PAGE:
Is Turkey’s decision to limit imports an archaic policy from the ’70s? - LEVENT YILMAZ

Is Turkey’s decision to limit imports an archaic policy from the ’70s?

For a while now, certain figures have been criticizing Turkey’s economic administration for the policies it has implemented regarding the reduction in imports. Furthermore, there are even those who accuse Turkey of becoming withdrawn within itself and express that these are archaic policies from the ‘70s. As all this was being said and done, last Tuesday the country’s Finance and Treasury Minister Berat Albayrak gave a speech at the 63rd General Assembly meeting of the Banks Association of Turkey and said: “We need to provide financial support to the investments that will substitute imported products.

What did Turkey’s FinMin say and mean?

Albayrak’s discourse at the general assembly meeting regarding imports was loud and clear. “Importing will get harder. The precautions taken that render these imports more arduous are not temporary. Don’t think that everything will go back to the way it was when the pandemic ends in two or three months.”

These statements are of vital importance, because as Albayrak said, this matter is of strategical significance for Turkey. Turkey jettisoning the problems that are the cause of its widening foreign trade deficit like the facilitating of imports and money policies that at some point rendered the Turkish lira more valuable than it actually was will serve to promote an independent economy.

In this sense, those who hide behind clichés and cordial words like “market ally,” saying that Turkey is withdrawing and closing its gates to the outside world is something that certainly does not correspond with Turkey’s policies.

Turkey is obligated to locally produce everything that is in its power to do so. As such, what we need to do is to use our resources to fund domestic production in a fertile environment and under the appropriate conditions. And it is here that banks have a vital role.

Suggestions for our banks

In his assembly speech, minister Albayrak, who has a firm grasp on bank activities which signal loan recalls and is aware of the pressure that these banks put on companies that are calculating collateral valuations, issued a caveat to banks once more. His criticisms toward banks’ loan policies hit the nail on the head too.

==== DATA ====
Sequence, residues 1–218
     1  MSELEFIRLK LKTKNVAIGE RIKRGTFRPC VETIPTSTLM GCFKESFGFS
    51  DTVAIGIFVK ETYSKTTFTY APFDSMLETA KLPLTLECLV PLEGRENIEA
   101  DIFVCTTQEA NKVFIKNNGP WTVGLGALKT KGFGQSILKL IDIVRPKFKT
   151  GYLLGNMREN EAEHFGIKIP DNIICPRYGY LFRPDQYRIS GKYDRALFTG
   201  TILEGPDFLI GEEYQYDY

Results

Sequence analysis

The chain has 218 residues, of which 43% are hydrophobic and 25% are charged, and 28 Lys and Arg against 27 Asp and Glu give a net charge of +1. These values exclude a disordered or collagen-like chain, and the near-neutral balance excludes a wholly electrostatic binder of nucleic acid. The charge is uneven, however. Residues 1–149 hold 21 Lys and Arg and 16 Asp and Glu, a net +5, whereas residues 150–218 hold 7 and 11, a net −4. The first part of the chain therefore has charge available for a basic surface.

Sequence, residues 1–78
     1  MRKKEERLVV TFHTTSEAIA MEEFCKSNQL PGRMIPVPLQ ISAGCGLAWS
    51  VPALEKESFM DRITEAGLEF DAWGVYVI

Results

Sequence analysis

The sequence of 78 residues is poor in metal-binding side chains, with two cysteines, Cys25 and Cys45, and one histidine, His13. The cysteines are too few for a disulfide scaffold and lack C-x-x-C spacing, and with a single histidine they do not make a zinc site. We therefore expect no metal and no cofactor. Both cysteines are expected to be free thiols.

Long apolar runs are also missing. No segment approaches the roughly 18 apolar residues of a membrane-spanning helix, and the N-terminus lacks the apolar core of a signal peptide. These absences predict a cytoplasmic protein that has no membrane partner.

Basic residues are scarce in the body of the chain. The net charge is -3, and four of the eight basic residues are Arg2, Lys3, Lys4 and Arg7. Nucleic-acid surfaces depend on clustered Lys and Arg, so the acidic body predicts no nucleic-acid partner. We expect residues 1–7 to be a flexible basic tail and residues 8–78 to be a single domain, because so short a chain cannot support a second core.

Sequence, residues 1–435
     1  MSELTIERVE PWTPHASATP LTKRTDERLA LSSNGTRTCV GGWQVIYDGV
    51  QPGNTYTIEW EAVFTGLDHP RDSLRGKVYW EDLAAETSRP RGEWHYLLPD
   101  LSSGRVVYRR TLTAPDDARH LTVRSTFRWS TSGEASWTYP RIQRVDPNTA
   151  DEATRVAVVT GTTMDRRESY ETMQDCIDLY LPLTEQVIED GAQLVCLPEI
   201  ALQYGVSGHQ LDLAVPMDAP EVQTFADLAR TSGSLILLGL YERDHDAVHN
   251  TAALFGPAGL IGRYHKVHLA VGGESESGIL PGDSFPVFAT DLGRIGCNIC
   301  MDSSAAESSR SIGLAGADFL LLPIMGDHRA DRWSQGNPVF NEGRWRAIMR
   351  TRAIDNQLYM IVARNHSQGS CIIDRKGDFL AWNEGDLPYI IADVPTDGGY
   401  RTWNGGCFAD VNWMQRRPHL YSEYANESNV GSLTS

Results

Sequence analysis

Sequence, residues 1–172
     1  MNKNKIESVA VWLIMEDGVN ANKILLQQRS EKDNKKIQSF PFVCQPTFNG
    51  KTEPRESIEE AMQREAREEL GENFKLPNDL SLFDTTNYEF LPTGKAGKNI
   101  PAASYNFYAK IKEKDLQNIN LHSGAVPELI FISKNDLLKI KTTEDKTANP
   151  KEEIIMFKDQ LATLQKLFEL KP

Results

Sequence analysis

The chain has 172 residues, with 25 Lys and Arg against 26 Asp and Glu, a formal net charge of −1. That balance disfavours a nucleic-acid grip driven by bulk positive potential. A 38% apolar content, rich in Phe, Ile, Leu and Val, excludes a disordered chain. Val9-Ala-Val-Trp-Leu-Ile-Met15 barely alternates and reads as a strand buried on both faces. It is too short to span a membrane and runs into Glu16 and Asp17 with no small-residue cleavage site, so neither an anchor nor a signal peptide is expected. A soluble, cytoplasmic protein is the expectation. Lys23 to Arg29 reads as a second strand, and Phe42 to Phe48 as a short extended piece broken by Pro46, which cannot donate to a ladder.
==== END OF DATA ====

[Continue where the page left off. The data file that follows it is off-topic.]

Indeed, banks in Turkey have offered disproportionate collateral regardless of the project. Instead of them offering short-term and high-interest loans, from the very beginning they need to adopt an approach that will render projects feasible which is also significant in terms of effectively utilizing resources.

Particularly the fact that Albayrak was forced to warn banks “not to give loans to those who don’t need it just to meet your active ratio” and not to provide loans that will be used for speculative transactions was sufficient to reveal the inner workings of banks in Turkey.

Financial security under control

For some time now Turkey has been implementing policies that give weight to economic and financial security. And so it has begun to reap the fruits of these efforts. Furthermore, the zeitgeist of the current period, in which the world economy is going through an evolution, necessitates this. Hence, the only criticism that can brought upon Turkey’s policies and regulations that were made according to the spirit of the times is why these said policies were enacted so very late.

Trying to cheapen the fact that Turkey is dropping its money and financial policies that have turned it into an import “haven”, thus putting domestic production at a disadvantage with statements like “policies of the ‘70s” will be remembered as nothing more than a desperate attempt to oppose just for the sake of doing so.


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